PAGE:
U.S. Senate Farm Bill Slashes $4.5 Billion from Food Stamps Threatening 24,000 in Illinois

said Vital Bridges Center on Chronic Care/Heartland Health Outreach Chief Health Care Strategist Deborah Hinde

(Chicago) –The 2012 farm bill approved last week by the U.S. Senate cut $4.5 billion from federal nutrition assistance funding, which could eliminate food stamps for 24,000 already hungry Illinois residents, including 5,000 in Chicago.

Those estimates were released today by a Chicago-based nutrition group which helps feed and sustain low-income people living with HIV/AIDS and other chronic illnesses.

“The 2012 farm bill cuts federal food stamp spending alone by $4.5 billion over 10 years and would eliminate nutrition assistance to approximately 24,000 Illinois residents, of which 5,000 would be in Chicago,” said Vital Bridges Center on Chronic Care/Heartland Health Outreach Chief Health Care Strategist Deborah Hinde.

The senate bill has moved to the U.S. House whose own proposal is aiming to cut as much as $134 billion from food stamp spending, says Hinde.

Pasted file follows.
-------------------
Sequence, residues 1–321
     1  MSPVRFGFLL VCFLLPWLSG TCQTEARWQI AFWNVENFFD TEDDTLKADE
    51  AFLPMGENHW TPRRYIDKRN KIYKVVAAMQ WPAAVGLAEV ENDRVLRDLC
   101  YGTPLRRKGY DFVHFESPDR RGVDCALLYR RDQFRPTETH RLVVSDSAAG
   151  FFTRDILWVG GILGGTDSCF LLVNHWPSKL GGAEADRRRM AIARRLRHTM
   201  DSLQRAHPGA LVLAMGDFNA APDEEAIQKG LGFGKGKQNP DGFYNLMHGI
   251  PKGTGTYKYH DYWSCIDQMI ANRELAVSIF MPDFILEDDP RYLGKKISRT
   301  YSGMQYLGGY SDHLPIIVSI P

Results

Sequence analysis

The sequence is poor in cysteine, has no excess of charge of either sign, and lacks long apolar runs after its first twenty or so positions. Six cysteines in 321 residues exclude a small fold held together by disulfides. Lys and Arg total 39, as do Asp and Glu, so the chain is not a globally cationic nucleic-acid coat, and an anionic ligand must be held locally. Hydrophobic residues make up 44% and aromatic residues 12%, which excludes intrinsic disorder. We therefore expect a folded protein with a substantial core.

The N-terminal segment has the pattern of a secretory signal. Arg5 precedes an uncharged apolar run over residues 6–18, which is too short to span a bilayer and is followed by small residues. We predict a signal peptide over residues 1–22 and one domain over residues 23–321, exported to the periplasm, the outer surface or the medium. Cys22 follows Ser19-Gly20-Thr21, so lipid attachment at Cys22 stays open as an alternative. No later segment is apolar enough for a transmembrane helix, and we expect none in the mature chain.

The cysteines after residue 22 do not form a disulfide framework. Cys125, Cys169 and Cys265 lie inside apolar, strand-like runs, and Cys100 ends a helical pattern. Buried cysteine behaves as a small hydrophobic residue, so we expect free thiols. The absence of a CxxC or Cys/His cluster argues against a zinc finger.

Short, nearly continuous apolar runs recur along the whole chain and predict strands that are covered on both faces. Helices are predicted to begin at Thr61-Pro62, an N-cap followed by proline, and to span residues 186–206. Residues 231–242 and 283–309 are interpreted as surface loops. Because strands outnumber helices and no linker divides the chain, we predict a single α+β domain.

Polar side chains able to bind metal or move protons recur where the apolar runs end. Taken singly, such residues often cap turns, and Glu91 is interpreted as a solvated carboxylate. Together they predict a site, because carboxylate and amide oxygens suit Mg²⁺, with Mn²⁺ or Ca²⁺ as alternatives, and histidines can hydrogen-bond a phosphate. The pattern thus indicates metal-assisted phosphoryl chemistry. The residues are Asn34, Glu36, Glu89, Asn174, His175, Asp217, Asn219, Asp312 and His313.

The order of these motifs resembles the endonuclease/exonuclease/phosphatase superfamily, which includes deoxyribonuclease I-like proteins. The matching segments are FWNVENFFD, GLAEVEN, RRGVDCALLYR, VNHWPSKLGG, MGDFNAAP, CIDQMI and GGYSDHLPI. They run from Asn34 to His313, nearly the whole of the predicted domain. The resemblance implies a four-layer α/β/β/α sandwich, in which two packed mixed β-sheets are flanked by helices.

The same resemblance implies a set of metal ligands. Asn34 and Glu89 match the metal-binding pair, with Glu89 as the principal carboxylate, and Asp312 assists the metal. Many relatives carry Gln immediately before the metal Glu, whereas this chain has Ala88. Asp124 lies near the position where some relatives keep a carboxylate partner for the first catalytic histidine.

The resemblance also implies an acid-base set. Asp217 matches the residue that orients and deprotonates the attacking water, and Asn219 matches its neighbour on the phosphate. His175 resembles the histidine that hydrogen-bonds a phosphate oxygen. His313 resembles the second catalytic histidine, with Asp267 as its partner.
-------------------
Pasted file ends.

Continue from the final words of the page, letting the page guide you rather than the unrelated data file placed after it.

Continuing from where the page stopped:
“The $4.5 billion senate food assistance cut would deepen an already overwhelming nutrition problem in Chicago,” Hinde added. “The $134 billion house cut would spread misery and hunger throughout Illinois and Chicago.”

“The cuts to supplemental nutrition assistance will undermine the health of poor people with chronic disease like diabetes and HIV/AIDS,” said Hinde. “These foolish cuts will simply drive up costs to the Illinois and federal Medicaid program.”

In Illinois, as of March 2012, there were 1,856,202 food stamp recipients or 14.4% of the population. That is an overall 1.9% jump over March 2011 of last year.

The average monthly food stamp benefit per person in Illinois is $139.15, down from $141.00 in FY 2010.

Hinde also warned that senior households are at greater risk food insecurity.

Analysis of federal data from the Current Population Survey’s Food Security Supplement shows that in 2009, about 19% of households with adults ages 60 and over with low incomes–under 185 percent of the poverty line–were food insecure. In comparison, slightly less than 15 percent of all households were food insecure.

“Shrinking food stamp coverage will likely hit senior citizens the hardest,” said Hinde.

Additionally, Hinde noted that the federal food stamp program, officially known as the Supplemental Nutrition Assistance Program, has successfully eliminated waste, fraud, and abuse in the last decade.

“The food stamp program is working at a 95% efficiency and accuracy rate,” said Hinde, “The people who legitimately are food insecure are legitimately receiving food assistance.”

A final farm bill will be negotiated between the House and Senate over the next few weeks.

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